It's not that I don't appreciate the Netflix series Money Heist (La Casa de Papel). It's more that I never thought it would have such international allure.
It was a bit surprising that a show with such a specific set of characters who are Spaniards to the core and such a distinct use of the language -- bordering on the poetic and hard to fully grasp even for native speakers sometimes -- has become an international success. It's Netflix's most watched non-English series. It's been praised by the likes of Stephen King and has won an International Emmy.
If you enjoyed seasons 1 and 2 and maybe even learned some Spanish in the process, this cynical Spaniard has good news for you: You'll enjoy part 3. A lot. (If your Spanish is decent, you can read the review in that language.)
After stealing around a billion euros from the Royal Mint in Madrid and managing to get away with it, the band of criminals is back together, with some new and welcome additions. Their own Río (Miguel Herrán) has been captured for reasons better not spoiled, and they really want him back. They have a new, bigger heist to pull off.
Yes, they still look fabulous. Even when they wear those red jumpers with Dalí masks. (I'll say from experience that those aren't necessarily flattering.) And yes, El Profesor (Álvaro Morte) still has the same nerdy-sexy vibe and seems capable of pretty much anything -- other than dancing. One scene set to Who Can It Be Now by Men at Work is as painful to watch as you'd expect when El Profesor is forced to show his lack of rhythm.
I enjoyed every minute of the three episodes from season 3 that Netflix made available for review. I'm counting the days until July 19, when all eight episodes will be available for streaming and I'll get to know what the hell happens in the end.
Some of the narrative mechanisms of season 3 ring a bell. Sometimes things look like they'll go terribly wrong, but in the end our criminals rise to the occasion and we realize they were following a meticulous plan even though we were led to believe otherwise.
Like in previous seasons, action within the episodes doesn't follow a chronological order. In this season, there are three moments in time or storylines that are mixed and interwoven. One takes place years ago, the other a few weeks ago and the last in the present. You'll get to understand a certain reaction or get to know a certain new character only when Álex Pina, the show's creator and co-writer, wants you to. It's a very effective way of telling a story, and Money Heist would be a much more conventional show, and a boring one, if things were explained in the order they happened.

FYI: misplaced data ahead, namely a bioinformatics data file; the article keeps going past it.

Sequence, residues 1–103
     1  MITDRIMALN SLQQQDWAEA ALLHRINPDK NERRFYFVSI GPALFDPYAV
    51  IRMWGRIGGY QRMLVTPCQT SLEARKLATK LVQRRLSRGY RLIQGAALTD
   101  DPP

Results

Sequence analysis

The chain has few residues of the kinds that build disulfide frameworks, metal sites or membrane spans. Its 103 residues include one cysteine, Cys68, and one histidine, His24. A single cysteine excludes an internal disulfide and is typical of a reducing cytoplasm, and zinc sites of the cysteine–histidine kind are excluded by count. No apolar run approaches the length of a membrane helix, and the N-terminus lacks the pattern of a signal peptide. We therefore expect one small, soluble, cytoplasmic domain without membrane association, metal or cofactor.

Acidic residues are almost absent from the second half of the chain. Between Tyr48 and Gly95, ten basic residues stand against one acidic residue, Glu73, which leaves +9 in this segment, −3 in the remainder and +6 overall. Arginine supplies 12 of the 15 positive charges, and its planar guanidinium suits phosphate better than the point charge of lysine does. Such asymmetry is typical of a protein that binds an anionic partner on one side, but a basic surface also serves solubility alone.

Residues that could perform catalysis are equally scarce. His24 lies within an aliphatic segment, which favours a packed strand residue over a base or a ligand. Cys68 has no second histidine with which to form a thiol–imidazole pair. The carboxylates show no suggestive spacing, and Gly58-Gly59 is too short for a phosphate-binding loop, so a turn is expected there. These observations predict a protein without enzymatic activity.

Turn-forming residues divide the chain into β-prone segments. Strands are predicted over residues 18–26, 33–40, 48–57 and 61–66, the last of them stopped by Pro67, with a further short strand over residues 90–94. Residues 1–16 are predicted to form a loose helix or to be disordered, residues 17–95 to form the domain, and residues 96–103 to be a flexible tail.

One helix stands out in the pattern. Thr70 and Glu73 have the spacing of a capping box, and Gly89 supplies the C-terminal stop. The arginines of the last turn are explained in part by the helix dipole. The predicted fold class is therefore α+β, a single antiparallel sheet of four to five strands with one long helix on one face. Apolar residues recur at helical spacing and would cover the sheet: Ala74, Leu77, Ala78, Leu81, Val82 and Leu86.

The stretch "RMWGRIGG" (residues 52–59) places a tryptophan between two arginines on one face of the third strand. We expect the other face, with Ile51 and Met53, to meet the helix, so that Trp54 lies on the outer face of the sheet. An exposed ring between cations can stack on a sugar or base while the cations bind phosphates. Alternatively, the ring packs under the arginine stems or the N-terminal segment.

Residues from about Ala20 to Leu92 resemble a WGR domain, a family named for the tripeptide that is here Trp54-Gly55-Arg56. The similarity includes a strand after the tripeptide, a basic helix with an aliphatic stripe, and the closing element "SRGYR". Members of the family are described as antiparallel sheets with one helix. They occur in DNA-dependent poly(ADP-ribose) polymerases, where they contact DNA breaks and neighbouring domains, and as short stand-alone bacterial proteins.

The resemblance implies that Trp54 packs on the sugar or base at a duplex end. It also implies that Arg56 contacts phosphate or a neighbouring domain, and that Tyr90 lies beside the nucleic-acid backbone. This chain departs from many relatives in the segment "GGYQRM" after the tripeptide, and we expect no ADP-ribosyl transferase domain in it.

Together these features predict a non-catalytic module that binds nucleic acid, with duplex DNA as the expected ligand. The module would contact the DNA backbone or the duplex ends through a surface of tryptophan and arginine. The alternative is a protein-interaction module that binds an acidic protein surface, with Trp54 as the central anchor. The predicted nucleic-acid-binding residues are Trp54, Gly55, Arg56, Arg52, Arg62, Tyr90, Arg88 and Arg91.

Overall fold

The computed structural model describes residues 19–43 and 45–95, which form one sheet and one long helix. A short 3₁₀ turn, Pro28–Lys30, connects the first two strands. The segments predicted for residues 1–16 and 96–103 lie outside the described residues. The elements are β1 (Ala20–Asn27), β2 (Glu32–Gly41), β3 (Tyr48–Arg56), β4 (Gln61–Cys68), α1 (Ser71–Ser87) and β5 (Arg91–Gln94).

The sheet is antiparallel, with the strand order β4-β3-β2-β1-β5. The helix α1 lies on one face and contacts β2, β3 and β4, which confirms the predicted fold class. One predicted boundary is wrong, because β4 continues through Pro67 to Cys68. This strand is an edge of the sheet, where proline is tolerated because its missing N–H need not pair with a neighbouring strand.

Then there are the jokes, and that's where some characters shine more than others. Denver (Jaime Lorente) and Nairobi (Alba Flores) continue to be two of the most consistently funny criminals. Mainly because they tend to embellish their speeches with the most flourished words. They say things like "Cariñitos míos, en los próximos minutos os jugáis las pelotas," which very roughly translates to "My darlings, in the next few minutes you're betting your balls;" "Profesor, al solomillo" (Profesor, let's cut to the chase); or "Itaboy!" ("It's a boy" in Denver's very limited English).
Feminism continues to play a big role in the series. We're talking about a show that came up with the term "empieza el matriarcado" ("the matriarchy begins"). There's an argument the gang has at 3 a.m. in an Italian monastery during season 3 in which Nairobi tells Denver how old-fashioned he is ("Antiguo, que eres un antiguo"). Palermo (Rodrigo de la Serna), one of the new characters, vindicates the patriarchy in a way that's neither subtle nor politically correct. Yet it'll probably make you laugh. And the yelling only ends when El Profesor, in his blue-and-white striped Oxford pajamas, makes an appearance and asks everyone to please behave and go back to bed.
Besides de la Serna, Money Heist's new characters include singer and actress Najwa Nimri as Alicia Sierra. Her character is described as "la reina de las hijas de perra" ("the queen of sons of bitches") and proves to be a ruthless woman keen on catching our sympathetic criminals.
Aside from the new faces, one of the main differences between this season and the previous ones is that Madrid isn't the only main setting. The show feels more international with sequences shot in Florence, Panama City and the Guna Yala archipelago.
Please watch La Casa de Papel in its original version with subtitles. Only then will you learn to admire the beauty (and meaning) of a word like "jarana" or an expression like "eso es liarla pardísima."
Originally published July 14.